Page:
The loss of staff, however, was more voluntary, according to Chief Talent Officer Melanie Gomez. A few weeks after Hurricane Irma, employees began informing the company of their intent to leave. Recruiting in October 2018 was impossible, Gomez said, due to widespread power outage. Since January, more employees separated from company, either starting their own business or joining relief efforts.
Board member Eugene Farrell noted that 120 full-time workers to 70 is a steep decline, but ICMC legal counsel Marjorie Roberts said they do not expect employment levels to actually drop to 70.
“It just would add that ability to be flexible,” she said. “The goal is to keep more than that.”
ICMC also earned praises from members of the commission for its rapid hurricane response, which allowed its employees to avoid six weeks of the storm’s immediate aftermath and miss Hurricane Maria altogether.
“Not even knowing what the impact of Maria would be, they just knew they needed to respond,” Gomez said.
Two days before Maria hit, ICMC chartered a Boeing 737 to airlift some 120 of its employees, their families and their pets out of the territory. The trip, now dubbed “the ark,” landed in Chicago, where the company arranged to fly its workers to various cities and continue client support remotely.
“Nobody thought about whether they would come back or not, or how much we would lose. That wasn’t part of the equation,” said Cornell Williams, executive chairman of the ICMC board.
According to Gomez, ICMC is still actively recruiting and hiring new personnel, including for senior positions, to shore up its staffing.
Kazi Management St. Croix
The committee also considered a request by Kazi Management St. Croix to reduce its employment requirement from 18 full-time employees to 14 until May 2020.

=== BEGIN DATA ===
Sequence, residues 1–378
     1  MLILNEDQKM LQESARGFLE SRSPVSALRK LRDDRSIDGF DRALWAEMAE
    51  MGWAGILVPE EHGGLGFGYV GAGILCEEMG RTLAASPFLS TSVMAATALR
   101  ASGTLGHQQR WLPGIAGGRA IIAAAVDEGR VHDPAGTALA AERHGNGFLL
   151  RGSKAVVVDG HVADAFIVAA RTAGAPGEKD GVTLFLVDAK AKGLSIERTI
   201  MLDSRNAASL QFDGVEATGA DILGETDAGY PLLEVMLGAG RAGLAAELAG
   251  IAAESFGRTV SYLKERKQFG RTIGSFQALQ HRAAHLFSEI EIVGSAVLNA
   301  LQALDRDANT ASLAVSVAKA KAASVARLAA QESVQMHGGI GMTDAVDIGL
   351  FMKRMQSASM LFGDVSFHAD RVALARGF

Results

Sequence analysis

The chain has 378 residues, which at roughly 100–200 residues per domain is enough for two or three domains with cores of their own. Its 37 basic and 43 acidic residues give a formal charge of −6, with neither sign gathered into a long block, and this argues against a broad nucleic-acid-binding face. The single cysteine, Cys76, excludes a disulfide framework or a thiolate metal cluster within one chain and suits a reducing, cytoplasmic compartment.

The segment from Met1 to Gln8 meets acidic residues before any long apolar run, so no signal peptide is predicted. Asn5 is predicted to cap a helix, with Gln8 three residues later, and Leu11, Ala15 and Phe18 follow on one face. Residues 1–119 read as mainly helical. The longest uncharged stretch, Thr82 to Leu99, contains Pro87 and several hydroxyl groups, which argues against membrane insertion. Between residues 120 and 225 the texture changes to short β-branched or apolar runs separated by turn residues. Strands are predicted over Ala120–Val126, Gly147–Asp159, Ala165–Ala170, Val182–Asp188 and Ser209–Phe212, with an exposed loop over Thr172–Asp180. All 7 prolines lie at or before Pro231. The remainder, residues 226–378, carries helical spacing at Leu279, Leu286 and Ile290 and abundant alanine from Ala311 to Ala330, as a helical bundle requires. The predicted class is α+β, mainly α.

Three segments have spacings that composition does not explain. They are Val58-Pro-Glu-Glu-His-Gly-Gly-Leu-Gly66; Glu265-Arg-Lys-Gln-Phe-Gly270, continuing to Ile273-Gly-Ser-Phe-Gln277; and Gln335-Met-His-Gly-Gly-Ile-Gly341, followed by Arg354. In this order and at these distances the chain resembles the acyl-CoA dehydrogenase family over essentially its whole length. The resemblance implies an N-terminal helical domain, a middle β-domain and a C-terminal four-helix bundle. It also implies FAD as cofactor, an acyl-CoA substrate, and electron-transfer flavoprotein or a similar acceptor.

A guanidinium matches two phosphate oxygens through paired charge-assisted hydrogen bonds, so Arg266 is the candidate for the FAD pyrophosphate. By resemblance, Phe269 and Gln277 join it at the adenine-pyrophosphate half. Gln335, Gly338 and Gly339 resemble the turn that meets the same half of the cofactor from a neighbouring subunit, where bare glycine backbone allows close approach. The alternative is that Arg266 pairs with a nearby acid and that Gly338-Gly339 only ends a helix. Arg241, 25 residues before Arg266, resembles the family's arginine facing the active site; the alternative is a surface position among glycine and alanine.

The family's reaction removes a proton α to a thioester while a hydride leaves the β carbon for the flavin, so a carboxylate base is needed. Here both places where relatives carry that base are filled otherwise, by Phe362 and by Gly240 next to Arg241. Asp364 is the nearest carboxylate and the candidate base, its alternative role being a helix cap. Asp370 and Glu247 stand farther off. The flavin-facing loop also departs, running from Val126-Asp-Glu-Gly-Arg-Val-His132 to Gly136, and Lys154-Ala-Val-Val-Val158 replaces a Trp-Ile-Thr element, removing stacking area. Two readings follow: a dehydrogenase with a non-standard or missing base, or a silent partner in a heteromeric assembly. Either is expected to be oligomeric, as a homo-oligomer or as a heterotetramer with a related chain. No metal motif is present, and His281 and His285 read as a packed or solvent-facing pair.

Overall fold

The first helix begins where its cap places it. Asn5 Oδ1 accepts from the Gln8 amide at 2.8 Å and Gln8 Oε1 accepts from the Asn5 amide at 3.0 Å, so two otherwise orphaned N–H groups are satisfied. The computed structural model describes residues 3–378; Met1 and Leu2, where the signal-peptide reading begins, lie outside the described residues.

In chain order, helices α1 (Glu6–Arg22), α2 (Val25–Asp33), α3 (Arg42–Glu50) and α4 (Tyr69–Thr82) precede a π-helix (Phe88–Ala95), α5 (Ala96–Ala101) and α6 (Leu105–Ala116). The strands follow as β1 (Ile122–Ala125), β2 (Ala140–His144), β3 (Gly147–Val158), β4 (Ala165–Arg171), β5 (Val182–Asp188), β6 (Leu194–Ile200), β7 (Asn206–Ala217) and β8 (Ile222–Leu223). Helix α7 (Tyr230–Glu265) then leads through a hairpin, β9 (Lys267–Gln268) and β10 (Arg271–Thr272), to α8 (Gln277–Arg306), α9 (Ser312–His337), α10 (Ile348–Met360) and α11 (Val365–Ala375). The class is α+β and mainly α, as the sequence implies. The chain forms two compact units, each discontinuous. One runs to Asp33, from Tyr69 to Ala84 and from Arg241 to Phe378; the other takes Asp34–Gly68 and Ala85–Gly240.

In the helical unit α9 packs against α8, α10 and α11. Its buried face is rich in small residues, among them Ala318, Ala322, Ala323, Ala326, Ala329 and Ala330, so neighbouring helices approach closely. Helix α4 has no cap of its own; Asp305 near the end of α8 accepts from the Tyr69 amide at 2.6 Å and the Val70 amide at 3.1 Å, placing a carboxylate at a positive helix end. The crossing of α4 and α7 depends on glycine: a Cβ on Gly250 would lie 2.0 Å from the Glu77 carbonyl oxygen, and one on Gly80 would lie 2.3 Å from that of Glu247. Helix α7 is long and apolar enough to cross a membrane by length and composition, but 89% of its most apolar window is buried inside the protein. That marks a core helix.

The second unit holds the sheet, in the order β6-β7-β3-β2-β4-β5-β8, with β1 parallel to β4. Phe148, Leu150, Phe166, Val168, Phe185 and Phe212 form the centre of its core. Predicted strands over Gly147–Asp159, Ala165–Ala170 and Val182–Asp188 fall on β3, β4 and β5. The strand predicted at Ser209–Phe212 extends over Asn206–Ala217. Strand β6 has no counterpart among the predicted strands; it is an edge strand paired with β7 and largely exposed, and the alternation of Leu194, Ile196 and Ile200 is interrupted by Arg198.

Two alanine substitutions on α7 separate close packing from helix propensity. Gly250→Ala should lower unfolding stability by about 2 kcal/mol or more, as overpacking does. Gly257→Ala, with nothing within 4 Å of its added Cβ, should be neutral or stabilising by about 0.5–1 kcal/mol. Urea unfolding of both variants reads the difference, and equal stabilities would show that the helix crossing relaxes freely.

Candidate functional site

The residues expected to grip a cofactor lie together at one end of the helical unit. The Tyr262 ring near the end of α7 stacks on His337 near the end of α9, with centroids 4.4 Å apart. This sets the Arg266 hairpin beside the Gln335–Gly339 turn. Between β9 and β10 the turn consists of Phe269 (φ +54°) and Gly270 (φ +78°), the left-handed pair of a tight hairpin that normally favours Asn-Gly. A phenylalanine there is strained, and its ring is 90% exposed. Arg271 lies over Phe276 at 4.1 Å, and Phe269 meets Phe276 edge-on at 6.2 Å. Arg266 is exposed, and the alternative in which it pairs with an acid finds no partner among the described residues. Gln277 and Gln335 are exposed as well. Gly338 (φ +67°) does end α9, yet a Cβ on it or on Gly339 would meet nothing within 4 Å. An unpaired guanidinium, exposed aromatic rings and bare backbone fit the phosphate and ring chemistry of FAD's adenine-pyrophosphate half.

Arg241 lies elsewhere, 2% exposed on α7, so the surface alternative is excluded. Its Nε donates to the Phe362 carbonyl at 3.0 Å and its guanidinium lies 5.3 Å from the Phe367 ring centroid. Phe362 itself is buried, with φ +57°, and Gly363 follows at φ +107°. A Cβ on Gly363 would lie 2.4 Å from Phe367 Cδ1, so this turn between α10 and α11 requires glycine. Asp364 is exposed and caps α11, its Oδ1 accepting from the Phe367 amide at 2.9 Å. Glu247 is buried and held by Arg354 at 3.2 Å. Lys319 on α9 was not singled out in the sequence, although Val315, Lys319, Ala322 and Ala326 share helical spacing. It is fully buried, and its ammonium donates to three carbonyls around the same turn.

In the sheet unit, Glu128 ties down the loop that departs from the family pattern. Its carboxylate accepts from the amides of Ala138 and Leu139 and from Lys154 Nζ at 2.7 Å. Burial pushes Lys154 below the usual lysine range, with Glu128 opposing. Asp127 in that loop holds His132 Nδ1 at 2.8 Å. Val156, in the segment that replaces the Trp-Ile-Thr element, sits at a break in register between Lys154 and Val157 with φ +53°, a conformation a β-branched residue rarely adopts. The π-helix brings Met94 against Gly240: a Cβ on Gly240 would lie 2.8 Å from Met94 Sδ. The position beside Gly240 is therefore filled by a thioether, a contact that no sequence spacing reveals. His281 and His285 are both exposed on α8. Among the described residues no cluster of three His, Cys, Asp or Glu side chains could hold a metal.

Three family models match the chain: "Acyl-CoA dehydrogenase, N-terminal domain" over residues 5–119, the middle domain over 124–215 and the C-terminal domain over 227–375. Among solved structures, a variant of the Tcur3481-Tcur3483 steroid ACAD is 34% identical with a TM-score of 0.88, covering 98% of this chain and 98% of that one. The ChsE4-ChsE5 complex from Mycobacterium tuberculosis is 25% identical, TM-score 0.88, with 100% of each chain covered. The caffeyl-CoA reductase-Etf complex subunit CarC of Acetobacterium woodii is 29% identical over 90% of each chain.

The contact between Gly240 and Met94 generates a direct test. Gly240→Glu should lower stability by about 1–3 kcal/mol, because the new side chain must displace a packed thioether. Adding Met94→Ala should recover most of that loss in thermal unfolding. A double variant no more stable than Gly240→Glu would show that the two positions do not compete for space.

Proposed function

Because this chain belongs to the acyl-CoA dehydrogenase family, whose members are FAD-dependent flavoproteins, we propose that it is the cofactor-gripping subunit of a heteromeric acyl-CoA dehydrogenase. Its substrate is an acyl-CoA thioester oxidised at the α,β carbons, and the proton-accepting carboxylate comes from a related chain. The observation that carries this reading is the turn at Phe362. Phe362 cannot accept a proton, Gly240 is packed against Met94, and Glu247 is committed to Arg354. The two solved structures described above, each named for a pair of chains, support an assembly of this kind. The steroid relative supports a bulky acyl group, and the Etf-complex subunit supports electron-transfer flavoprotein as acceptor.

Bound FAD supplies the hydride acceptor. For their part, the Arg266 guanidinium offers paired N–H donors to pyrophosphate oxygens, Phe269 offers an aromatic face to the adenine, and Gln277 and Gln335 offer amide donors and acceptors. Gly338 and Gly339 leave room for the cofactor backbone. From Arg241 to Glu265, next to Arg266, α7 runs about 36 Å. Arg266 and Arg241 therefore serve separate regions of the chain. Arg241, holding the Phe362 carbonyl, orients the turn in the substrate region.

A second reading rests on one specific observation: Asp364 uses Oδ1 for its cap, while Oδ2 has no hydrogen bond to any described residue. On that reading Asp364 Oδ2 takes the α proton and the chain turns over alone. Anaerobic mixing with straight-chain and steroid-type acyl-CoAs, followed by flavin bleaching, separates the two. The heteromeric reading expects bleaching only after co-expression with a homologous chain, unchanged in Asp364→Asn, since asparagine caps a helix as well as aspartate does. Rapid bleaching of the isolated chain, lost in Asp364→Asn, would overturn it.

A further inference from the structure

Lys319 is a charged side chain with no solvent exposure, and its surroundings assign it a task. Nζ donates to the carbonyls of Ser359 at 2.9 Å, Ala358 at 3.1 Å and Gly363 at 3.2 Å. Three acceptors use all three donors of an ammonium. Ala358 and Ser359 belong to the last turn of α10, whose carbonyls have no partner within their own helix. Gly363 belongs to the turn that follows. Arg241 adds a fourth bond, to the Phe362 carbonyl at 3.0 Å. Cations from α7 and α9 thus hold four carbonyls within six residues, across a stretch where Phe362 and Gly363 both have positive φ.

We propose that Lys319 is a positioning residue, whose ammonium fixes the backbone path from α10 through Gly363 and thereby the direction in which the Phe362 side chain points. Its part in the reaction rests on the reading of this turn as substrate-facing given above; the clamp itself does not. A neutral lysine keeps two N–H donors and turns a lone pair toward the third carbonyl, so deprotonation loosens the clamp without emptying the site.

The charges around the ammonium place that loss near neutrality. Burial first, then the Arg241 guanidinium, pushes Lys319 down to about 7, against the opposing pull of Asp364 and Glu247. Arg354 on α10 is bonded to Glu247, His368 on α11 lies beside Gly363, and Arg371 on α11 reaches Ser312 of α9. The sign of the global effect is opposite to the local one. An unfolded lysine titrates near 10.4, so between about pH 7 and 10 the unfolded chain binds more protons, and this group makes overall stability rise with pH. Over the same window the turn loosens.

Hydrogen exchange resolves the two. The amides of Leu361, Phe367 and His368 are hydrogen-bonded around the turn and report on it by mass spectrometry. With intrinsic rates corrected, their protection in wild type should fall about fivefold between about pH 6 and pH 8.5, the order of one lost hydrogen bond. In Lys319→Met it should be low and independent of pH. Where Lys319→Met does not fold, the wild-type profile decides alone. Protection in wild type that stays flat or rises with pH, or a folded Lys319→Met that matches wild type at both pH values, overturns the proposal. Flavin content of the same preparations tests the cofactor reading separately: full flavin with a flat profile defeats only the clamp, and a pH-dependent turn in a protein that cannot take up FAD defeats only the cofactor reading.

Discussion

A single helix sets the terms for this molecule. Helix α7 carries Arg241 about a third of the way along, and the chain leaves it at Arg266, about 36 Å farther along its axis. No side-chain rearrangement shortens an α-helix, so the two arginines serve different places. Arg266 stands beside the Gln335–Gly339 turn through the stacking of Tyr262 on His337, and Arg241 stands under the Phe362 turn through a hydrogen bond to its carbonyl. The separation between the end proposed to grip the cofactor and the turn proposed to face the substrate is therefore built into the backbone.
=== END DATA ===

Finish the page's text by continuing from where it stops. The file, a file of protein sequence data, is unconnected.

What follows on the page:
Kazi St. Croix, a business consulting and investment advisory firm representing such clients as Kentucky Fried Chicken and other fast food franchises, has lost some 68 percent of its clients since 2011 due to various financial crises in states where its clients were located.
According to Shambhu Acharya, Kazi’s chief financial officer and managing director, since 2011, the company went from 264 clients in 11 states to 85 in five states. It also manages non-EDC beneficiary businesses in the Virgin Islands, including three on St. Thomas which are still doing well.
When asked if one year of relief from EDC requirements would suffice, Acharya responded, “Acquiring new business takes time. It’s never been done in a month or two.”
Kazi St. Croix is also requesting a reduction in charitable contributions from $40,000 to $10,000 a year for a period of two years.
Among other requests to the EDC were:
– A request by American Yacht Harbor to extend its EDC benefits to 10 years instead of five years to facilitate post-hurricane growth.
– A request by Sterisil International to credit $61,000 in in-kind equipment donation to Frederiksted Healthcare Center toward its cash contribution requirements.
– An application for EDC benefits by Tree Limin’ Extreme, a zipline adventure park on St. Thomas.
– A request by Tuthill Corporation to reduce its employment requirement from 10 full-time employees to 8 for the first quarter of 2018 only.
Present on St. Thomas were board Chairman Jose Penn, Vice Chairman Philip Payne, Secretary Avery Lewis, members Farrell, Juan Figueroa, Sr., and Haldane Davies. Acting Chief Executive Officer Wayne Biggs and board counsel Henry Smock were also present. Board member Catherine Hendry was excused.